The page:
I freely admit to being a closet TV junkie. It’s a habit that I’d like to break, and the major networks have been doing their part by continuing to churn out some awful shows: too formulaic, dumb writing, casts with no chemistry, etc. And as I don’t have cable or dish coverage, I need to be content with the basic airwaves.

But there are a few that I go out of my way to watch:

  • The West Wing (NBC, Sunday). Yes, it’s in its last season, and John Spencer died in December. The show’s writing has been spotty since the beginning of the fourth season, and Aaron Sorkin’s departure at the end of said season sent the show into a bit of a tailspin. But the ensemble cast is still top-notch, and the recent writing has been much better. Hopefully they’ll go out swinging, resolving some nagging plot points along the way.
  • How I Met Your Mother (CBS, Monday). One of the best sitcoms in years. Neil Patrick Harris is so wonderful as a lecherous sleaze, and the cast (including the beautiful Alyson Hannigan) works well together. Even Bob Saget’s narration works well. A triumph for CBS.
  • Commander In Chief (ABC, Tuesday). This could be seen as the heir-apparent to The West Wing, as it documents the life and times of a sitting president and her immediate staff. The difference: the president is a woman (Geena Davis), and her family plays a more immediate role. The first four episodes were markedly better than those since, as ABC fired Rod Lurie for “being too slow in filming the episodes.” While Lurie is still an executive producer, the new writing style is still finding its sea legs (and alienating viewers in the process, as viewership has taken a steep fall since the show’s first month). But the cast is quite good, especially Donald Sutherland as the scheming Republican speaker of the House. I hope that it gets a chance to develop into a solid series.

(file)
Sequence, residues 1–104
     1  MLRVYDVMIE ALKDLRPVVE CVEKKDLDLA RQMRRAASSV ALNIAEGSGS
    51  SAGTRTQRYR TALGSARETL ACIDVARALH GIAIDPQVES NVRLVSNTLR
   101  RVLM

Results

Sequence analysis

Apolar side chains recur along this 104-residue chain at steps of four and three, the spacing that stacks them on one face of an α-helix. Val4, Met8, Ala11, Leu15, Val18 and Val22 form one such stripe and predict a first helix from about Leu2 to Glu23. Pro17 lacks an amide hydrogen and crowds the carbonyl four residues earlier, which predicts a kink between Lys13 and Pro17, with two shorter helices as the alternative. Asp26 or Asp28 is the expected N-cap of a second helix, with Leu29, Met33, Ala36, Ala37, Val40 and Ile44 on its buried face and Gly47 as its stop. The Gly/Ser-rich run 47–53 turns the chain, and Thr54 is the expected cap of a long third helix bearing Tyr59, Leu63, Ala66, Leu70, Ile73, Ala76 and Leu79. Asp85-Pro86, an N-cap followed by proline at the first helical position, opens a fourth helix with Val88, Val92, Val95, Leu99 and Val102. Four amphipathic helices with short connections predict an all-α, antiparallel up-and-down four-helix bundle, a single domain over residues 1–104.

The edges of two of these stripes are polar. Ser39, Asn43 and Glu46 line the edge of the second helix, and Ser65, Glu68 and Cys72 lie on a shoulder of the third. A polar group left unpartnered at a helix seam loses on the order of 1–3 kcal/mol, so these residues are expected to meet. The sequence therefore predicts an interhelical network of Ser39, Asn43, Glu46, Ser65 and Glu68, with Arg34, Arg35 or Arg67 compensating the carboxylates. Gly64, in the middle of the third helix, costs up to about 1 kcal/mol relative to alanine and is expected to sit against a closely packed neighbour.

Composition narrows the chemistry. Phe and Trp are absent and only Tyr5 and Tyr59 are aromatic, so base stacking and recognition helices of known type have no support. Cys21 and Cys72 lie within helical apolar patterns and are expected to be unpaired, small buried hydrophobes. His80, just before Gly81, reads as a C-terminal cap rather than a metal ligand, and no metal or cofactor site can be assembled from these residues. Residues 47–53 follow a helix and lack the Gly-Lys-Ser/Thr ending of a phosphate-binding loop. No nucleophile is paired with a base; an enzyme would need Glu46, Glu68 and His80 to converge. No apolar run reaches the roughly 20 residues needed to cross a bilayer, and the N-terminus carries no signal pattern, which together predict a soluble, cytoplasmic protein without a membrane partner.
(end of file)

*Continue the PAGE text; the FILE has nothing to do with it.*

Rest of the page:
• Love Monkey (CBS, Tuesday). It’s great to have Tom Cavanagh back on TV, and this show is the perfect vehicle for his quirky qualities. He plays an A&R rep for an indie record label, having been fired from a large record label (“Goliath Records”) in the first episode. There’s irony here, as the show is underwritten by Sony Music Entertainment and features tons of cameos and performances from Sony-BMG artists (self mockery as entertainment?). However, the mood of the show is light and entertaining, and it’s filmed entirely in New York City – a look-and-feel that can’t be reproduced in LA. Probably my favorite mid-season newbie.
  • My Name Is Earl (NBC, Thursday). Jason Lee was born to play this role, and the show is quite fun. It’s a bit dark at times, but its heart is in the right place. For a network that’s fired lots of comedic duds of late (witness Joey), this is a pleasant surprise.
  • The Office (NBC, Thursday). I don’t watch this too often (and don’t go out of my way to watch it, oddly enough), but I can wholly relate to the show – working at my previous job was eerily similar to the warped scenario of this show. I’ve yet to see the UK original (which stars the wonderful Ricky Gervais), but Steve Carrell holds his own quite well.

There are other shows I’ve also discovered this season that are fun – Gilmour Girls and Boston Legal pop immediately to mind – but the aforementioned ones are my faves.